Grieving before the loss
There is no right or normal way to cope with the approaching death of someone. Everyone reacts differently. This section looks at common problems faced by families at this difficult time and suggests ways to manage these challenges.
When someone important to us dies, our lives can be changed, and grief affect us emotionally, physically and mentally. This section describes common features of grief and will help you to separate the myths from the truth about grieving.
How has this loss affected my family and me?
When someone in the family dies, it is common for each family member to react differently. This section looks at how your grief is shaped by your relationship with the person who has died. It also makes suggestions for managing this loss as a family.
Moving through grief
Losing someone can be painful, confusing and exhausting. This section looks at the common questions and experiences of people moving through grief, and suggests ways to adapt to life without the person who died.
Making sense of intense emotions
Anger, guilt, fear, sadness and loneliness are common reactions to grief. Using the stories of people who have lost someone important to them, this section looks at accepting and managing these often intense emotions.
Managing difficult situations
After the death of someone close, many events, encounters and experiences can be stressful or trigger waves of grief. This section will identify these situations and provide you with skills to face them with greater confidence.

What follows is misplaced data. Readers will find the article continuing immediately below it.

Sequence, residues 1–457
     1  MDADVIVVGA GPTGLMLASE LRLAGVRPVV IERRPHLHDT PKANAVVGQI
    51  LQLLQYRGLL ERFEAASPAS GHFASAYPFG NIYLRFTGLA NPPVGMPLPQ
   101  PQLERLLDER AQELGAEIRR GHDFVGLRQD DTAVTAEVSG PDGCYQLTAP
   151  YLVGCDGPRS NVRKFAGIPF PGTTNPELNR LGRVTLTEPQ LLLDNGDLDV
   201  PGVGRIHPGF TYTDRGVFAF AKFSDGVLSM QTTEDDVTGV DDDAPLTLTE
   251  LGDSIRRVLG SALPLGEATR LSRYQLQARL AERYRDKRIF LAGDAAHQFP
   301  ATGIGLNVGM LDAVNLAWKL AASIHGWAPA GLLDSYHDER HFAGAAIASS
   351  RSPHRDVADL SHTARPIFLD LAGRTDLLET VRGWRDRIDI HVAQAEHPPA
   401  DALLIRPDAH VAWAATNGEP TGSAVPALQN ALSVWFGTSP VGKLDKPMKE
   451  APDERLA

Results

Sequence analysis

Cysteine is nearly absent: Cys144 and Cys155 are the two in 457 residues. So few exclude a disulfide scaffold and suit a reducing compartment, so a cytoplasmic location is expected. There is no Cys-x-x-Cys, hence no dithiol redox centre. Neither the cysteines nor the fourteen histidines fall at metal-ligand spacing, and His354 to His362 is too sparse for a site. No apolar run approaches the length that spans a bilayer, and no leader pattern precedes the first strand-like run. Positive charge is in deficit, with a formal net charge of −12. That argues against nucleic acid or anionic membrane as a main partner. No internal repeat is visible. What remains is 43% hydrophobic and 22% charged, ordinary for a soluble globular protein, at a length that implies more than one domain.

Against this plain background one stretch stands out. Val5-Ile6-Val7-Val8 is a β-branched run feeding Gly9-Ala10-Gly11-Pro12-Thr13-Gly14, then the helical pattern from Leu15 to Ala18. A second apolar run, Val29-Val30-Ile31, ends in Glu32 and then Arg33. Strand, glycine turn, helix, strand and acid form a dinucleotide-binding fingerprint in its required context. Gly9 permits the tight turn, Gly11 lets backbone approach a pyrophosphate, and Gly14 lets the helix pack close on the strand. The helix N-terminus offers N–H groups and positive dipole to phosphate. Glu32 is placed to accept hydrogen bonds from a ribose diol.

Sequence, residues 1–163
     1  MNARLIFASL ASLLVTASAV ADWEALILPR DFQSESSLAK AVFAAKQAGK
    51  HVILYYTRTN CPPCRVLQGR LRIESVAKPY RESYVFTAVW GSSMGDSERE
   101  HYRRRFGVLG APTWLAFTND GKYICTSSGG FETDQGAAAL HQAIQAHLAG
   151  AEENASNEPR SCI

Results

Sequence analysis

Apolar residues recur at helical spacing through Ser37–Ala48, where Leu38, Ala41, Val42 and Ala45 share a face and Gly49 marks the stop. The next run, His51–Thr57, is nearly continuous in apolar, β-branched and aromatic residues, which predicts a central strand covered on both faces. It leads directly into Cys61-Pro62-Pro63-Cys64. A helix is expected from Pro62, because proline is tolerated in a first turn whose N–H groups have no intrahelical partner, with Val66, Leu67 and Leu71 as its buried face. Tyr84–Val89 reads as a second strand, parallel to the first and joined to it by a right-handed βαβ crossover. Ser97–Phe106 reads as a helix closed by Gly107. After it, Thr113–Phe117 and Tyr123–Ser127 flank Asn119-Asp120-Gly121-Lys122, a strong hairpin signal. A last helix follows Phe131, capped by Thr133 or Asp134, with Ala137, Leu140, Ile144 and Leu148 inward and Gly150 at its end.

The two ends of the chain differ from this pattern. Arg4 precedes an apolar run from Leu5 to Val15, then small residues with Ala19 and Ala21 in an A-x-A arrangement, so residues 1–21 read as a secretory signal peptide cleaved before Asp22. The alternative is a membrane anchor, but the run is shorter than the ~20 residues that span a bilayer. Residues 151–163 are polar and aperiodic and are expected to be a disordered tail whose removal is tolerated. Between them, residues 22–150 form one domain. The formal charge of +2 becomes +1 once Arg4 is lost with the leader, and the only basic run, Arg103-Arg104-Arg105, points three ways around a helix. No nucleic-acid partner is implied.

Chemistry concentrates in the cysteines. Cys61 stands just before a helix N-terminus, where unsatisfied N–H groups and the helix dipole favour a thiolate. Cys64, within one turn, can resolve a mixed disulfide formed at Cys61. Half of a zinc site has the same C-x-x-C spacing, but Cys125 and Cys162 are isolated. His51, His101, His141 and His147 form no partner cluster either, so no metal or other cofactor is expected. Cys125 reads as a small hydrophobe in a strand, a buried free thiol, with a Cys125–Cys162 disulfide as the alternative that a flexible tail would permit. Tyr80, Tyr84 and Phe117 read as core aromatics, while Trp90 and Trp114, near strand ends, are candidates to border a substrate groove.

Caring for yourself
It is important to make your own physical and emotional health a priority in grief. This section looks at the obstacles to looking after ourselves and makes suggestions for self care.
Do I need more help and where do I find it?
Each grief experience is different. While some people successfully navigate their loss, others become stuck in grief. This section will help you recognize if you need help to cope with your grief and suggests where to find that assistance.
When life starts to get better
At some time after the death of someone important to us, there comes a turning point when people generally start to feel better. This section looks at what “feeling better” means. It also highlights some of the challenges of feeling better and making a life without the person who has died.
Module - Child
When your child has died
Pull descriptor from introduction.
Module 25 EN
Module 24 EN
Module 23 EN
Module 22 EN
Module 21 EN
Module 20 EN
Module - MAiD
Grief and Medical Assistance in Dying (MAiD)
Module 19 EN
Module 18 EN
Module 17 EN
Module 16 EN
Module 15 EN
Module 13 EN
Module 14 EN
Module 12 EN
Module 11 EN
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Production of LivingMyCulture.ca has been made possible through financial support from the Canadian Partnership Against Cancer and Health Canada.
The views herein do not necessarily represent the views of Health Canada or the Canadian Partnership Against Cancer.